Suit Seeks SBA Reform on Urban Sprawl

Suit Seeks SBA Reform on Urban Sprawl

In a novel move designed to slow the nationwide spread of urban sprawl, two conservation groups are suing the U.S. Small Business Administration for allegedly violating federal environmental laws by not considering the impacts of its lending practices.

Lawyers for the Forest Conservation Council and Friends of the Earth filed the lawsuit on Thursday in Washington, DC Federal District Court.

While the lawsuit was specifically tailored to curb urban sprawl in the District of Columbia metropolitan area, its real intent is to pressure the Small Business Administration into adopting more environmentally sensitive lending policies nationwide, said the Forest Conservation Council's John Talberth.

"This is a whole new approach to combating urban sprawl," said Talberth, who noted that the environmentally devastating phenomenon is traditionally fought at the state and local level. "This is a unique approach that looks at the role of the federal government."

According to the two environmental groups, the Small Business Administration (SBA) is fueling urban sprawl by providing hundreds of millions of dollars for construction and expansion of businesses located in sprawling, low density suburbs without considering the consequences of those loans.

The groups maintain that the projects made possible through these loans are directly contributing to a host of environmental ills, such as air and water pollution, loss of prime farmland, loss of forest cover, congestion, noise, and increased infrastructure costs for local governments.

By filing the lawsuit, the environmental organizations hope to encourage the SBA to reform its lending practices to lessen the impacts of sprawl in the Washington area and elsewhere, Talberth said.

"Between 1997 and the present, the Small Business Administration provided $391 million in support to businesses in Washington's suburban periphery," Talberth said. "A significant portion of these funds were allocated to fast food restaurants, mini-marts, mall outlets, and other hallmarks of urban sprawl. We believe the SBA should be a partner in promoting smart growth, and not a prime contributor to chaotic, unplanned development."

Specifically, the lawsuit alleges that the Small Business Administration is violating the National Environmental Policy Act (NEPA) and its own regulations by failing to disclose and mitigate the effects of its lending programs on urban sprawl in the Greater Washington DC metropolitan area. The lawsuit seeks an immediate suspension of SBA loan decisions that are contributing to urban sprawl.

In their suit, the groups charge that the Small Business Administration routinely fails to examine the environmental consequences of its sprawl inducing decisions in the context of the NEPA process. An analysis of the environmental impacts of the Small Business Administration's actions is required under the federal statute and SBA's own regulations.

"According to information provided to us by SBA, it is clear that the agency has blatantly ignored its obligations under the National Environmental Policy Act," said Brian Dunkiel, Friends of the Earth's senior attorney.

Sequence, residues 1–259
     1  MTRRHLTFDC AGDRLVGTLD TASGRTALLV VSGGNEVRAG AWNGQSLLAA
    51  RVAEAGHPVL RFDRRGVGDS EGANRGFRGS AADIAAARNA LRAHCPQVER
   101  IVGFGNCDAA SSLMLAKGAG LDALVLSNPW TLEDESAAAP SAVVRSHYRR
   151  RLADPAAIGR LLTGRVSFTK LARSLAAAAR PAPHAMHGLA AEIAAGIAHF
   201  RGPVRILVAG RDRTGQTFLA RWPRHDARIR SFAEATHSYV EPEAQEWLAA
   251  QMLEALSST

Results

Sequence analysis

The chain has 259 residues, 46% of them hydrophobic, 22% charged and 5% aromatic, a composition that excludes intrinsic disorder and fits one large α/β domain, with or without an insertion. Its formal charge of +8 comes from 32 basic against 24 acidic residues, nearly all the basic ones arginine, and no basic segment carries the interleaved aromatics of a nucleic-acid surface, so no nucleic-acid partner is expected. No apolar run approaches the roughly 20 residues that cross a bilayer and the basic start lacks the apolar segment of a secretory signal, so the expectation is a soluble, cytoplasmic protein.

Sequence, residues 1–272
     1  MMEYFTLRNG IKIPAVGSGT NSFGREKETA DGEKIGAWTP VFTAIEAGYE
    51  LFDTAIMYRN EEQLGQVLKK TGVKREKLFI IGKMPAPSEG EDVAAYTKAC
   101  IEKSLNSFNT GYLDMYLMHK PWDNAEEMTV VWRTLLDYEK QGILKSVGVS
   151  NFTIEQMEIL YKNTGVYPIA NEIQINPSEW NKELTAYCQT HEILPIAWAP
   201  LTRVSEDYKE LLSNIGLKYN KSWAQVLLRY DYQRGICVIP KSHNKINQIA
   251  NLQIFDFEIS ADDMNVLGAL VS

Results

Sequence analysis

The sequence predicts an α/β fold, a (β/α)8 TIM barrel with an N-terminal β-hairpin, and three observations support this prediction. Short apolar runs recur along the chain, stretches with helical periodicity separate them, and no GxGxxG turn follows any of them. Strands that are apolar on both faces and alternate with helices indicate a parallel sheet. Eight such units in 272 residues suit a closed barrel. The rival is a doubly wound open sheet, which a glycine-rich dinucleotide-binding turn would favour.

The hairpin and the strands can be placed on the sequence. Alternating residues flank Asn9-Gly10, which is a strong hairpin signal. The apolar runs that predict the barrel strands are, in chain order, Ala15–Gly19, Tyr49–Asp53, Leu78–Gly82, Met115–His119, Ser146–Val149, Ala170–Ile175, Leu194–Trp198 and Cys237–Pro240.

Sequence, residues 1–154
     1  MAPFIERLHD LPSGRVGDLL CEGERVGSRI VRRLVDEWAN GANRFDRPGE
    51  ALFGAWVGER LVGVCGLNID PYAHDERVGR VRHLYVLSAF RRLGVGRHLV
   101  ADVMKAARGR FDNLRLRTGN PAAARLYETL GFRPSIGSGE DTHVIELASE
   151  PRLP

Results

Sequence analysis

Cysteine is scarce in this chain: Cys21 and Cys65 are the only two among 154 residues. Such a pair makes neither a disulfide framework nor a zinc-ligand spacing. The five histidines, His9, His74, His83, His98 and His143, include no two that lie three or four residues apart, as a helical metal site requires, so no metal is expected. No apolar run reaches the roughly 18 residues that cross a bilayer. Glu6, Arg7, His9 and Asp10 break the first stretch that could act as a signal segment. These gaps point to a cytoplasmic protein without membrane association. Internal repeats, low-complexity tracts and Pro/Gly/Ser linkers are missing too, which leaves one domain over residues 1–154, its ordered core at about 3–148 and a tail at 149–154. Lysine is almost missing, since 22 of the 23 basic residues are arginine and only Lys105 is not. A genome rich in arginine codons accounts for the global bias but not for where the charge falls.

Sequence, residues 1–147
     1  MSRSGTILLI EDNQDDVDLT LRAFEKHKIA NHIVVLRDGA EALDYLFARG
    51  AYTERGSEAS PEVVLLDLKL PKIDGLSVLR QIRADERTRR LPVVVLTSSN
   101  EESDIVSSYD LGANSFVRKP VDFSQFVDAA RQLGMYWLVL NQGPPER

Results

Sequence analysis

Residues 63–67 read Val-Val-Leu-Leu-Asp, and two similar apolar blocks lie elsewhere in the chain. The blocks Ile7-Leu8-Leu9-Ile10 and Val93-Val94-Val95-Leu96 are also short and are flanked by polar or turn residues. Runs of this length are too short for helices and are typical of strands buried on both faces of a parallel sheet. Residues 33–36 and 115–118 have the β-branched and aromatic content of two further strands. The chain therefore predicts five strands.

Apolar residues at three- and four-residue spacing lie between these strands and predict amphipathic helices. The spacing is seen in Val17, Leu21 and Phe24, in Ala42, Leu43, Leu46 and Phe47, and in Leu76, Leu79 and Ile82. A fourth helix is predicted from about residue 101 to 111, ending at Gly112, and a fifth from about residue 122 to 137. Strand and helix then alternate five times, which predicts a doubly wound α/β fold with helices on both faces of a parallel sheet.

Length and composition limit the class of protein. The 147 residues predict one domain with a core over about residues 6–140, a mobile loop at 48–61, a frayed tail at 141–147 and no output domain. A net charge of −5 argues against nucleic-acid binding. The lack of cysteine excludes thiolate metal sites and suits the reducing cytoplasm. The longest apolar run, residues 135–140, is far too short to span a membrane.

"Each year, the DC Metro Area SBA offices make tens of millions of dollars in loan and loan guarantees without contemplating whether these decisions are contributing to a decline in the quality of the environment. Like any other federal agency, the SBA is subject to federal environmental laws that are in place to protect people and the environment," Dunkiel said.

The lawsuit asks the court to order the Small Business Administration to perform both site specific and programmatic environmental analyses of its loan decisions. The complaint also asks the court to enjoin the SBA from granting any more sprawl inducing loans until the agency is prepared to conduct the environmental analyses.

The environmental groups have called on the SBA to develop a set of smart growth guidelines that would be used to mitigate the environmental impacts of its future lending decisions. Under the National Environmental Policy Act, projects that detrimentally affect the environment are required to have such mitigation measures.

Talberth said these mitigation measures could take many forms. For example, a business might have to agree to implement energy and water conservation measures before it would become eligible to receive a SBA loan. Other mitigation measures might have the appearance of traditional zoning laws, whereby business development would be limited to an already impacted urban core area, Talberth added.

The lawsuit filed this week comes in the wake of a letter sent to the Small Business Administration last July, in which the two environmental groups asked the agency to comply with its obligations under federal environmental laws. The environmentalists also sat down with SBA officials in an attempt to reach an out of court agreement.

But neither of those approaches worked, said Dunkiel.

"SBA had the opportunity to voluntarily comply with its legal obligations and become an organization promoting smart growth," said Dunkiel. "Unfortunately, it is clear that court intervention will be required to ensure that SBA executes its programs in a way that appropriately considers how its actions contribute to sprawl and impact the environment."

According to Talberth, the groups are prepared to file additional lawsuits in other sprawl prone areas of the country in order to make their point.

"We are preparing other similar suits in different areas, but we're hoping we don't have to go that far," Talberth said. "We're hoping we can convince the federal government to revamp all of its programs that contribute to economic development so that they're consistent with the idea of promoting sustainability."

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